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Another Massive Landslide above a Great Steelhead River
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Author Topic: Another Massive Landslide above a Great Steelhead River  (Read 3941 times)
camosled
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« on: August 31, 2011, 02:58:20 PM »

I posted a pic a couple years ago featuring a huge 1000 acre cut in the Tillamook State Forest.  Well look what's happening in the middle of that big, bad sale.

JM

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camodrifter
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« Reply #1 on: September 01, 2011, 10:06:00 AM »

very typical for clear cuts in steep areas.  That slide started at the cut slope on the road then caused the entire hill to come down. 

This is yet another example of why clear cutting steep slopes is a very bad idea!
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SSPey
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« Reply #2 on: September 02, 2011, 11:24:13 PM »

It should be apparent that isn't a clearcut, but a thinned forest.  A bit ironic, as forest thinning (combined with reserves) is what many want to see as an alternative to vast seas of clear cuts ... thinning makes jobs, gets wood, and creates more structurally complex and diverse forests than we get with industrial plantations.  To my eyes the biggest problem in that photo is not the thinning overall, but is instead the road and the thinning together in that unstable area of steep convergent topography.  High risk areas like that pictured could be set aside as reserve patches, even if they're just slivers within a managed landscape.  Let those high-risk areas grow big trees, and when they slide (because eventually they will), you've got a chance of delivering a big tree downslope into a stream it forms habitat and holds gravel. 
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skagit mist
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« Reply #3 on: September 11, 2011, 03:50:55 AM »

http://calgary.ctv.ca/servlet/an/local/CTVNews/20100806/bc_mudslide_100806/20100806?hub=CalgaryHome

The Lilly got hit hard a while back. The whole mountain came down. All chinook and steelhead fishing is pretty much nill. It has coloured up Harrison lake and the river so bad its made for tough fishing even down there. Natural event, not caused by any human. Just mother nature taking its course.
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Northwest winters make steelhead chrome that much brighter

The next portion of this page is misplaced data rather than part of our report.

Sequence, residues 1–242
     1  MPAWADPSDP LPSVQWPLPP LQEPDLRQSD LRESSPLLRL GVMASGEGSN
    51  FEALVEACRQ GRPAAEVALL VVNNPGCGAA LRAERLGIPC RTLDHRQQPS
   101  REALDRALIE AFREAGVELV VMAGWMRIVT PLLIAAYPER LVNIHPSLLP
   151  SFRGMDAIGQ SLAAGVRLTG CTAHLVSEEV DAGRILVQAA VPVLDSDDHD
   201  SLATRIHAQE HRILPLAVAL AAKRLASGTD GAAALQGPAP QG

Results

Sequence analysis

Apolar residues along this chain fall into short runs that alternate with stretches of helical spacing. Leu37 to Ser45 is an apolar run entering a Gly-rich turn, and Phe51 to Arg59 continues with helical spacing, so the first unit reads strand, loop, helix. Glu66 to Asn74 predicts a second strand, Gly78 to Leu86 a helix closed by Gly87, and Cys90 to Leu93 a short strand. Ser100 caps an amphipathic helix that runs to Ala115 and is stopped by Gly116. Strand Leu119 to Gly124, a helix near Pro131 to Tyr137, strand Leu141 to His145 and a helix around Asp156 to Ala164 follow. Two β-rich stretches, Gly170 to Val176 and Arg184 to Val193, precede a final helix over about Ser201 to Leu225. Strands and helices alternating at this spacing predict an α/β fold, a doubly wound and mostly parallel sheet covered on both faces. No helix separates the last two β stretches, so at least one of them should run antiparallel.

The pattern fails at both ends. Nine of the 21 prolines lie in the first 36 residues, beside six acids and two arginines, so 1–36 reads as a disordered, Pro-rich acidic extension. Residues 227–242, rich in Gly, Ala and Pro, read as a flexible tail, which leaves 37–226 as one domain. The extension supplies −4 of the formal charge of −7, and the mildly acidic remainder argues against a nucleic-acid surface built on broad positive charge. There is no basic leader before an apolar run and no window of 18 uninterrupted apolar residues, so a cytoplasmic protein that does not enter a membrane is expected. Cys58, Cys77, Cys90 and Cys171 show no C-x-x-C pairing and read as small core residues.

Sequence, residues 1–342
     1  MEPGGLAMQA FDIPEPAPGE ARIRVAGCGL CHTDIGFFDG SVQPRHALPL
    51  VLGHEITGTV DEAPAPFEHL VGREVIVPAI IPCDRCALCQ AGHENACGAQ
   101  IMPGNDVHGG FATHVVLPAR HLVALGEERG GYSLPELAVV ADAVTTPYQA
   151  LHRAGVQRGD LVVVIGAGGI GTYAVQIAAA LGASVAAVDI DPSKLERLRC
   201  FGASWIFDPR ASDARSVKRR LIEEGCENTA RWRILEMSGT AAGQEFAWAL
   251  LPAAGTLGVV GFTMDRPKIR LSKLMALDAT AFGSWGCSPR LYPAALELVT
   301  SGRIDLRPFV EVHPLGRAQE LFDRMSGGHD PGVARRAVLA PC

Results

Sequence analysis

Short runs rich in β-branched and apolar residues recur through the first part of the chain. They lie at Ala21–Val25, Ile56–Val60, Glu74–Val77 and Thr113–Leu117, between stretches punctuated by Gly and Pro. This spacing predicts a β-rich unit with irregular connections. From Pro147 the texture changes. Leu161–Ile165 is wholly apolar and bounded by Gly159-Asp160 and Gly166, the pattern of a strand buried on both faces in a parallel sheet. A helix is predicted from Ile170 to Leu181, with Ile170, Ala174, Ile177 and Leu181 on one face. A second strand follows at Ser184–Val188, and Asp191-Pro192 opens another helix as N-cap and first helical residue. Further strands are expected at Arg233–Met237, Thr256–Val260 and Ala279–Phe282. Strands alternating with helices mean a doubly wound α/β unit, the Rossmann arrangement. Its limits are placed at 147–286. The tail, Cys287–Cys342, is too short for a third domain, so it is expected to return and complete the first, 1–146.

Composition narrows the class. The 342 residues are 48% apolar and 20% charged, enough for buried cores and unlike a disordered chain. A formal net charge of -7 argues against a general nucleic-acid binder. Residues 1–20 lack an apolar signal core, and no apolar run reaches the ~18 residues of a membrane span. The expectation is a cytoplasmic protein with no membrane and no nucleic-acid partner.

camosled
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« Reply #4 on: September 11, 2011, 07:22:35 PM »

It should be apparent that isn't a clearcut, but a thinned forest.  A bit ironic, as forest thinning (combined with reserves) is what many want to see as an alternative to vast seas of clear cuts ... thinning makes jobs, gets wood, and creates more structurally complex and diverse forests than we get with industrial plantations.  To my eyes the biggest problem in that photo is not the thinning overall, but is instead the road and the thinning together in that unstable area of steep convergent topography.  High risk areas like that pictured could be set aside as reserve patches, even if they're just slivers within a managed landscape.  Let those high-risk areas grow big trees, and when they slide (because eventually they will), you've got a chance of delivering a big tree downslope into a stream it forms habitat and holds gravel.  

I agree completely with the above...I should have said that this spot is a selective harvest area, within a 1000  acre sale, mostly clear cut.

The greater problem within the Oregon State Forests Management Plans is the fact that in these areas selectively logged to create older forest structure, for the very reason you mentioned (large woody debris recruitment) no trees older than 85 years are going to be left outside riparian management zones.   Large woody debris comes from logs 85 years and older, so the fact they left some trees, only to cut them down in the future before they can be retained in the system, means nothing really.

I want to push for a 125 age class of trees in the older forest structure plans.  At least at that age, some of them might actually stay in the watershed and benefit juvenile production, as opposed to ending in a log pile in the flood plain and up diced into firewood for some dairy farmer down river.

JM
« Last Edit: September 11, 2011, 07:26:57 PM by camosled » Logged

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